Year after year, it's the same message: the best way to prevent the flu is to get the flu shot. But each year, people offer a number of reasons (or excuses) why they choose not do it. Flu can be deadly; on average, 3,000 people in Ohio die from pneumonia or influenza each year. The overwhelming majority of these deaths occur in people who are age 65 or older. And, many of these deaths could have been avoided if the affected individual, or the family members and caregivers in close contact with them, had only gotten a flu shot.
Why would anyone choose NOT to get a shot that will prevent getting sick? Consumer Reports conducted a national survey asking consumers why they weren't planning to get a flu shot this year. They received a variety of excuses, including:
Excuse: It's better to build your own natural immunities.
Reality: The body's innate immune response against the flu virus is usually just a few months, and the flu virus often changes from year to year. Any protection your body develops during one flu season is usually gone by the next.
Excuse: You never get sick or, if you do get the flu, you won't get that sick.
Reality: Just because you haven't had the flu in the past, doesn't mean you won't get it this year. Most people only get the flu once every several years. In addition, if you catch the flu, you will be putting others at risk.
Excuse: You or someone you know has gotten sick from the vaccine.
Reality: The injected vaccine contains a killed virus, so it is impossible for it to cause the flu. A small percentage of people who get a flu shot may have some minor aching or low grade fever.
Excuse: You're not part of an at-risk population.
Reality: The flu shot is especially important for certain groups of people, including pregnant women, those over age 50 and anyone with weakened immunity or chronic illness. But if you've been in a movie theater, a crowded elevator or a shopping mall, you're at risk, too.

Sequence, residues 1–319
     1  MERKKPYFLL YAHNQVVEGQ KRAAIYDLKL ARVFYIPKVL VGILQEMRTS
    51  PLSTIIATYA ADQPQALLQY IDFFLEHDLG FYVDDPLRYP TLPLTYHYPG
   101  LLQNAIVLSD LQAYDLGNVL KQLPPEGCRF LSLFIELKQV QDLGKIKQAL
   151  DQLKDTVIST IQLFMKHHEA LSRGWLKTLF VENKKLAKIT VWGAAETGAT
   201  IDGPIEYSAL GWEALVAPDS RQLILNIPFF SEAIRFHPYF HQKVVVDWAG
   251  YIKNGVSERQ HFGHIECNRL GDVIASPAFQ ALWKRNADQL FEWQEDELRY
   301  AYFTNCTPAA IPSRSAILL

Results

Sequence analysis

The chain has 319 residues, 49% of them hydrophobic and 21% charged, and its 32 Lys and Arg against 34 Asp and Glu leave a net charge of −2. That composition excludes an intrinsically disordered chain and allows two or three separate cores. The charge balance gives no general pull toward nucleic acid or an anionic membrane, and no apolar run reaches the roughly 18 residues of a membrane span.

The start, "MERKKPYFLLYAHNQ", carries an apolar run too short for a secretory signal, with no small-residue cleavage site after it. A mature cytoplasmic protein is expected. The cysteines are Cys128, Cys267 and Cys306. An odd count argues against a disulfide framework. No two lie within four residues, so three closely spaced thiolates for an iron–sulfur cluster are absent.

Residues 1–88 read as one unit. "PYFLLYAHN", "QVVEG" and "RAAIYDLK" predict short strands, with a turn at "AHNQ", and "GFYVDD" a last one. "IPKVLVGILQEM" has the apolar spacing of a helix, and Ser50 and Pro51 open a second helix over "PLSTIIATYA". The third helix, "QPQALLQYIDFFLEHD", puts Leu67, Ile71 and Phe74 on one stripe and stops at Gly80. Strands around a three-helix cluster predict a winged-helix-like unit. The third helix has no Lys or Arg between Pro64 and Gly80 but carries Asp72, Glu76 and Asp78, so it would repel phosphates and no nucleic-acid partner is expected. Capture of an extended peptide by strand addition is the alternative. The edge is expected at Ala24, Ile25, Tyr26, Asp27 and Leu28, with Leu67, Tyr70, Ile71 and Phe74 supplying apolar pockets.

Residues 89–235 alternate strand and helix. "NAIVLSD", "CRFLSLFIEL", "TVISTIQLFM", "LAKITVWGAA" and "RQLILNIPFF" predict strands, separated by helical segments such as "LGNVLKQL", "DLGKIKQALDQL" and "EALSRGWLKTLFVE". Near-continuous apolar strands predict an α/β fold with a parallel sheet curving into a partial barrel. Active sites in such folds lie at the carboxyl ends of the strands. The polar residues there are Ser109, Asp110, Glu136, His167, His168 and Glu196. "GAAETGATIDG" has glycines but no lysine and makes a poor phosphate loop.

Excuse: Medicine is now available to treat the flu.
Reality: For the antiviral drugs, such as Tamiflu and Relenza to work, you have to start taking them within two days of the onset of symptoms. Even then, the drugs typically shorten the flu's duration by only a day or so.
Excuse: You don't like getting shots.
Reality: Nobody likes getting shots, but the benefits of the flu vaccine, both for yourself and for those you care about, are important enough to make it worth it. If the needle is what is preventing you from getting vaccinated, talk with your doctor about non-injected options.
Excuse: It's ineffective.
Reality: The shot prevents the flu in about 60 percent of healthy people in their 60s, and it has been shown to reduce hospitalizations from pneumonia or other complications by 27 to 70 percent and deaths by up to 80 percent.
Excuse: You don't like going to the doctor.
Reality: You don't have to. Vaccinations are widely available, including at grocery stores, pharmacies, public-health clinics and health fairs.
Excuse: It costs too much.
Reality: Flu shots are available for less than $30. In some cases, the shots are free. Check with your Medicare plan, insurance provider, doctor's office, employer and pharmacy for options that can cover or reduce the cost of a shot.
Influenza is a severe illness much of the time, and it's worth getting a flu shot every year to prevent one case of flu. So, what's your excuse?
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